Since the cluster stability depends on a healthy master node, it may be a good idea to set aside a number of nodes as dedicated master nodes. These dedicated master nodes should not be handling external requests, but rather concentrate on keeping the cluster nodes in sync and stable.

A node can be configured to be allowed to act as a master-node by the setting node.master.

A dedicated master node should have the following settings:

node.master = true = false

Data nodes

Data nodes are the workhorses of the cluster. They will handle the bulk load of the requests, depending on the master node to keep them in sync. These nodes need the most memory and CPU power.

A dedicated data node should have the following settings:

node.master = false = true

Node recovery settings

Node recovery happens when a node starts or reconnects to the cluster after a e.g a network shortage.

Consider a cluster of 2 nodes. When a node starts for the first time, it will try to connect to a cluster. If no master found, it will elect itself as master, then proceed to initialize the index-data locally. If it does find an existing master node, it will require the master to provide it with data. This is all good, but there may occur situations where a new node in an existing cluster starts initializing data before the nodes with existing data can inform the new node that there is already data in the cluster.



Defaults to 1. Do not start the recovery of local indices before this number of nodes (master or data) has joined the cluster.


Defaults to 0. Do not start the recovery of local indices before this number of master-nodes is present in the cluster.

Cluster monitoring

See Cluster monitoring

Deploying Apps in cluster

To deploy applications in a cluster you need to deploy the application to every node, as loading and installation of apps is done on a per-node basis. This also means you can choose what applications to deploy on each node.


Remember that XP only supports running one version of an application at any time. So don’t leave the old versions of your applications in the deploy directory.

Backing up a cluster

Backing up a cluster is done in the same way as backing up a single node installation, the only difference is that the snapshots.dir-option should point to a shared file system location, see Storage Configuration.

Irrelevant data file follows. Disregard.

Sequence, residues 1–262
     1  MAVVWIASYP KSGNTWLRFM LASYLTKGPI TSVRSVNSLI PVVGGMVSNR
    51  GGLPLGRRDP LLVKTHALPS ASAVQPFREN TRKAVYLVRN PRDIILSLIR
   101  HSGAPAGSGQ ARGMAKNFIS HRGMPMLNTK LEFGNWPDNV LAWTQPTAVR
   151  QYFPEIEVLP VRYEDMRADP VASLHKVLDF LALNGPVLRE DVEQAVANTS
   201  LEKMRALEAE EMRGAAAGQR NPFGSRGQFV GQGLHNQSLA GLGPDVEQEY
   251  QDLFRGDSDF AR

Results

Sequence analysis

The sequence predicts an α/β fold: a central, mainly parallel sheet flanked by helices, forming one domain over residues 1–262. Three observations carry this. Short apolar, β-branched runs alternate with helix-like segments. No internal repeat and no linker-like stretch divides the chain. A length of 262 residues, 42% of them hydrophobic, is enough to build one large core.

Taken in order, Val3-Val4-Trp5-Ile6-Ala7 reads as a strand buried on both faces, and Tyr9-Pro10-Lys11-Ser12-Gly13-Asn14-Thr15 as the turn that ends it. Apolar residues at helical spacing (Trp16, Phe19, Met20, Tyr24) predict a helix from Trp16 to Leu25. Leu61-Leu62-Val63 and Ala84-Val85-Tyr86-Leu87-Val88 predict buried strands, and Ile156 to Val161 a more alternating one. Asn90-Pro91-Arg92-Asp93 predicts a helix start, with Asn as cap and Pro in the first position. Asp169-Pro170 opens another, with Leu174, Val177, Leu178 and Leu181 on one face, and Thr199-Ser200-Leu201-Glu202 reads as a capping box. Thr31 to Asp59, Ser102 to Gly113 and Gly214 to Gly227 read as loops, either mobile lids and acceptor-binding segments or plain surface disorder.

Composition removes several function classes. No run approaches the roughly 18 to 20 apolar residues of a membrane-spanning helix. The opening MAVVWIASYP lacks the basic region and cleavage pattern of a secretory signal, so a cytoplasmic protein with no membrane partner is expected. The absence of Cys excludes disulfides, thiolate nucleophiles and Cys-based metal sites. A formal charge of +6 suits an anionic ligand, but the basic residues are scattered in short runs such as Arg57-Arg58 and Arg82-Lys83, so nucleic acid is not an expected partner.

1. First, on any cluster node, take a :toolbox-snapshot of the indices. This will store a cluster-wide snapshot of all data at a point of time. This can be configured to run as an automatic job; Only the diff from the last snapshot will be stored, so the operation is quick.
  2. Second, take a file copy of your blobstore.

We recommend uisng incremental backup for the blobstore (rsync or similar) as this will only copy the recently changed files. The combined data from the snapshots and blobstore copy is all you need in order to restore Enonic XP.

Sample configurations

3-node cluster

cluster.enabled = true
discovery.unicast.hosts = <node1Address>,<node2Address>,<node3Address> = _en0_ = _en0_
gateway.expected_nodes = 2
gateway.recover_after_nodes = 2
discovery.zen.minimum_master_nodes = 2

5-node cluster

cluster.enabled = true
discovery.unicast.hosts = <node1Address>,<node2Address>,<node3Address>,<node4Address>,<node5Address> = _en0_ = _en0_
gateway.expected_nodes = 3
gateway.recover_after_nodes = 3
discovery.zen.minimum_master_nodes = 3

7-node cluster with dedicated roles

cluster.enabled = true
discovery.unicast.hosts = <node1Address>,<node2Address>,<node3Address>,<node4Address>,<node5Address>,<node6Address>,<node7Address> = _en0_ = _en0_
# NODE1 - NODE-3 dedicated masters
# --------------------------------
node.master = true = false

gateway.recover_after_master_nodes = 2
discovery.zen.minimum_master_nodes = 2

# NODE4 - NODE-7 dedicated data nodes
# -----------------------------------
node.master = false = true

gateway.recover_after_master_nodes = 2
discovery.zen.minimum_master_nodes = 2